In order to facilitate further collaboration between academia and industry, a two-day workshop titled ”Workshop toward Innovation and Photon Science” was convened in November 2014 to hold a series of roundtable discussions among Japanese industrial leaders and leaders of SR facilities around the world. The workshop represented a first attempt for this type of discussion. Japanese industrial companies have earned a reputation for excellence in analyzing the unique structures of various materials to develop technologies for everyday use. The workshop aimed to inspire discussion about cutting-edge science and technology among representatives of several international SR/XFEL facilities and Japanese industrial leaders. Roundtable sessions were conducted to discuss methods for solving various challenging problems facing mankind, roles for photon science in addressing these problems, and technological innovations required in SR/XFEL facilities.
The workshop was held at the foot of Mt. Fuji. Attendees included leaders from fourteen SR/XFEL facilities (Advanced Light Source, USA; Advanced Photon Source, USA; Australian Synchrotron, Australia; CHESS, USA; Diamond, UK; ESRF, EU; Euro XFEL, EU; NSLS and NSLSII, USA; NSRRC, Taiwan; PLS-II and PAL XFEL, Korea; PSI, Switzerland; Shanghai Light Source, China; SLAC National Accelerator Laboratory, USA; and SPring-8/SACLA, Japan), and the CTOs or CEOs from eleven Japanese companies (Asahi Kasei Corp.; Hitachi Metal Ltd.; Hitachi Zosen Corporation; Honda R&D Co. Ltd.; KYOCERA Corporation; Mitsubishi Electric TOKKI Systems Corporation; Mitsubishi Heavy Industries, Ltd.; NICHICON Corporation; Sumitomo Rubber Industries, LTD.; TOSHIBA Corporation; and TOYOTA MOTOR Corporation). In addition, the workshop included professors and researchers from the University of Tokyo, Hokkaido University, Osaka University, UCLA, MEXT, JST, GIST, JASRI and RIKEN.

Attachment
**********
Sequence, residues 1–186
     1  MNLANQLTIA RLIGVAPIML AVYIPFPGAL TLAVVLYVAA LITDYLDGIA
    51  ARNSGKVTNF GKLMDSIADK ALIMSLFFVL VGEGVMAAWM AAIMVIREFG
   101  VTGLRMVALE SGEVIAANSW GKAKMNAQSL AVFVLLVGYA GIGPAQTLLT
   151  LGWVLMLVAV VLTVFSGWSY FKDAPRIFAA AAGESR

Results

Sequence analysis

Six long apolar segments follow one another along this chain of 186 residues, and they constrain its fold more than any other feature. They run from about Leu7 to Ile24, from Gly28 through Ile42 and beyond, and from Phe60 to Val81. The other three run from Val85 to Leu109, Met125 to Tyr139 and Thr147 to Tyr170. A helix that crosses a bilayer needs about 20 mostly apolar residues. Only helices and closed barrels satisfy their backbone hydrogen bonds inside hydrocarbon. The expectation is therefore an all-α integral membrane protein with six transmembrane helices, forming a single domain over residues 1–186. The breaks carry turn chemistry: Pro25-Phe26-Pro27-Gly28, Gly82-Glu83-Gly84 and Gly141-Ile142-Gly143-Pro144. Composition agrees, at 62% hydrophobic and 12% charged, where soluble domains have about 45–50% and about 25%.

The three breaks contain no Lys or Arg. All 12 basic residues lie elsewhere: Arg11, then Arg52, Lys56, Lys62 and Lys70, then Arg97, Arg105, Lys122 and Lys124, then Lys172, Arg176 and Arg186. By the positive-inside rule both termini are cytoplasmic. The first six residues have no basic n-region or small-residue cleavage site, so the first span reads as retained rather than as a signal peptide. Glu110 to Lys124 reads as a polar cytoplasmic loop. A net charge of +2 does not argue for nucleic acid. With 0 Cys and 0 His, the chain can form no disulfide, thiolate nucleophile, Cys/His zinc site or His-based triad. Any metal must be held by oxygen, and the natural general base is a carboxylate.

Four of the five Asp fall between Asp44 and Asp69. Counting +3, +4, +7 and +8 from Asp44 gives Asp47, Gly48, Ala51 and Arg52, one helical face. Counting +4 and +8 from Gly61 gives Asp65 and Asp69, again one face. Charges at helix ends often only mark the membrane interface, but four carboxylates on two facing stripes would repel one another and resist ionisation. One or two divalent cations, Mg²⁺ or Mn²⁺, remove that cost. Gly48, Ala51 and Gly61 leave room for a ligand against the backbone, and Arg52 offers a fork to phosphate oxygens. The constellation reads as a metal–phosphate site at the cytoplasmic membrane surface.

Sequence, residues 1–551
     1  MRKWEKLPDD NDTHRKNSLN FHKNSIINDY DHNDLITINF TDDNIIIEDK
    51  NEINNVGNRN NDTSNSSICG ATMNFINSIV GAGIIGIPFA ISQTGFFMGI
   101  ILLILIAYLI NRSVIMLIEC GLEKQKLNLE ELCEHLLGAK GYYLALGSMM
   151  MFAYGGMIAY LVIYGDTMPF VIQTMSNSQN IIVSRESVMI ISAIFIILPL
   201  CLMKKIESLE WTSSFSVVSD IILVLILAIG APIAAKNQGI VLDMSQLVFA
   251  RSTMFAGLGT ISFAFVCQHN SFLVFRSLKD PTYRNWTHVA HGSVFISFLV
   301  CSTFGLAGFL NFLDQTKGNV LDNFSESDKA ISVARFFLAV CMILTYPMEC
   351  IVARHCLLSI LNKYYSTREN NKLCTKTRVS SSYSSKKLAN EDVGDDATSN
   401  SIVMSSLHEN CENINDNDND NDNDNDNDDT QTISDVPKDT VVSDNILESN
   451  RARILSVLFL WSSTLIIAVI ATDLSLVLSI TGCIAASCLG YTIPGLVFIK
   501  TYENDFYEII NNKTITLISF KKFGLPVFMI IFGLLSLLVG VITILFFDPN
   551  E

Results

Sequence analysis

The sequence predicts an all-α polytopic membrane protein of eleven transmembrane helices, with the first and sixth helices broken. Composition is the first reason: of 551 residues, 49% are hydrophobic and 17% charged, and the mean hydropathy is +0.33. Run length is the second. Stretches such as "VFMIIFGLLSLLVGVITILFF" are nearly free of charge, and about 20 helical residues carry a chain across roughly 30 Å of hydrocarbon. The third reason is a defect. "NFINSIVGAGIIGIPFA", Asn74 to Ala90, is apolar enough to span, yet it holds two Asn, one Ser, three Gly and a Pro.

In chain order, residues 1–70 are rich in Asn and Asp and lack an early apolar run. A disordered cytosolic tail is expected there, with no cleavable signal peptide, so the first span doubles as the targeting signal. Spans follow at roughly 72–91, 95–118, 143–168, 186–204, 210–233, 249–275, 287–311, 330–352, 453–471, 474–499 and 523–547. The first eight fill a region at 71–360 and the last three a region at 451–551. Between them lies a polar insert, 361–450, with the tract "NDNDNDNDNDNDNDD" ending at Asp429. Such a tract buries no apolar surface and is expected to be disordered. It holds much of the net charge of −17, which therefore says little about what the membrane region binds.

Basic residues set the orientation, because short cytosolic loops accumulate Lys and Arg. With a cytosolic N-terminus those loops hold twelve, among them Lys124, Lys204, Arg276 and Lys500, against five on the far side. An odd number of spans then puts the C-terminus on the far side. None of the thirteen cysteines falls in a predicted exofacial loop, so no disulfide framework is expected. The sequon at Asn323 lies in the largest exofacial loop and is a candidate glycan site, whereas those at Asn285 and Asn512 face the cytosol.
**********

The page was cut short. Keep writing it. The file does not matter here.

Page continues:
On the first day, the present author gave a keynote lecture titled “Can photon science contribute to making a more sustainable world?” The second day started with the first roundtable discussion on “the Energy Problem”, moderated by Prof. Gerhard Materlik. Problems in energy production, transfer, storage and conservation were discussed. The second roundtable session addressed “the Environmental Problem”, moderated by Dr. Dennis Mills. Challenges with carbon dioxide, auto exhaust, biodegradable materials, saline water conversion, and nuclear decontamination were discussed. The final roundtable discussion on “Atomic Level Understanding of Destruction” was moderated by the present author. Topics for this session included making products more indestructible, deterring destruction, and investigating the possibility of programmed destruction.
Throughout the course of the workshop, participants discovered new possibilities for photon science using SR/XFEL to contribute to developing solutions to great challenges with clean energy sources, environmental degradation, and other issues that impede sustainable development. These discussions also spurred new academic-industrial alliances to develop novel applications at SR/XFEL facilities.
Tetsuya Ishikawa is the Director of the RIKEN SPring-8 Center, a branch of RIKEN responsible for developing and operating Spring-8, a third generation hard X-ray SR facility, and SACLA, a hard X-ray free-electron laser facility.